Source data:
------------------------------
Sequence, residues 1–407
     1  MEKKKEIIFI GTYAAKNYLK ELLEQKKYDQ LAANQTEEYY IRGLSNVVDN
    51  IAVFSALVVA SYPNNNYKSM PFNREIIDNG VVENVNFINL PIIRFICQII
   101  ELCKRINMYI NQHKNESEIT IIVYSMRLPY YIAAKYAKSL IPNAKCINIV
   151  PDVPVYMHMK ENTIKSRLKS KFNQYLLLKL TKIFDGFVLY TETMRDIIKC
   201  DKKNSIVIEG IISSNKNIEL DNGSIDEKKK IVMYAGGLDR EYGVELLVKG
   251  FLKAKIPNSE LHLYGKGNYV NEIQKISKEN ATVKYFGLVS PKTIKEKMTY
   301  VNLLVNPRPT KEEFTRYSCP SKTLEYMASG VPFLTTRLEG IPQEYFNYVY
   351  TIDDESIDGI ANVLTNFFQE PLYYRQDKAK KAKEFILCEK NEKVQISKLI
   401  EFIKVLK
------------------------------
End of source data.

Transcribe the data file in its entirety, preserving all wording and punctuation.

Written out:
Sequence, residues 1–407
     1  MEKKKEIIFI GTYAAKNYLK ELLEQKKYDQ LAANQTEEYY IRGLSNVVDN
    51  IAVFSALVVA SYPNNNYKSM PFNREIIDNG VVENVNFINL PIIRFICQII
   101  ELCKRINMYI NQHKNESEIT IIVYSMRLPY YIAAKYAKSL IPNAKCINIV
   151  PDVPVYMHMK ENTIKSRLKS KFNQYLLLKL TKIFDGFVLY TETMRDIIKC
   201  DKKNSIVIEG IISSNKNIEL DNGSIDEKKK IVMYAGGLDR EYGVELLVKG
   251  FLKAKIPNSE LHLYGKGNYV NEIQKISKEN ATVKYFGLVS PKTIKEKMTY
   301  VNLLVNPRPT KEEFTRYSCP SKTLEYMASG VPFLTTRLEG IPQEYFNYVY
   351  TIDDESIDGI ANVLTNFFQE PLYYRQDKAK KAKEFILCEK NEKVQISKLI
   401  EFIKVLK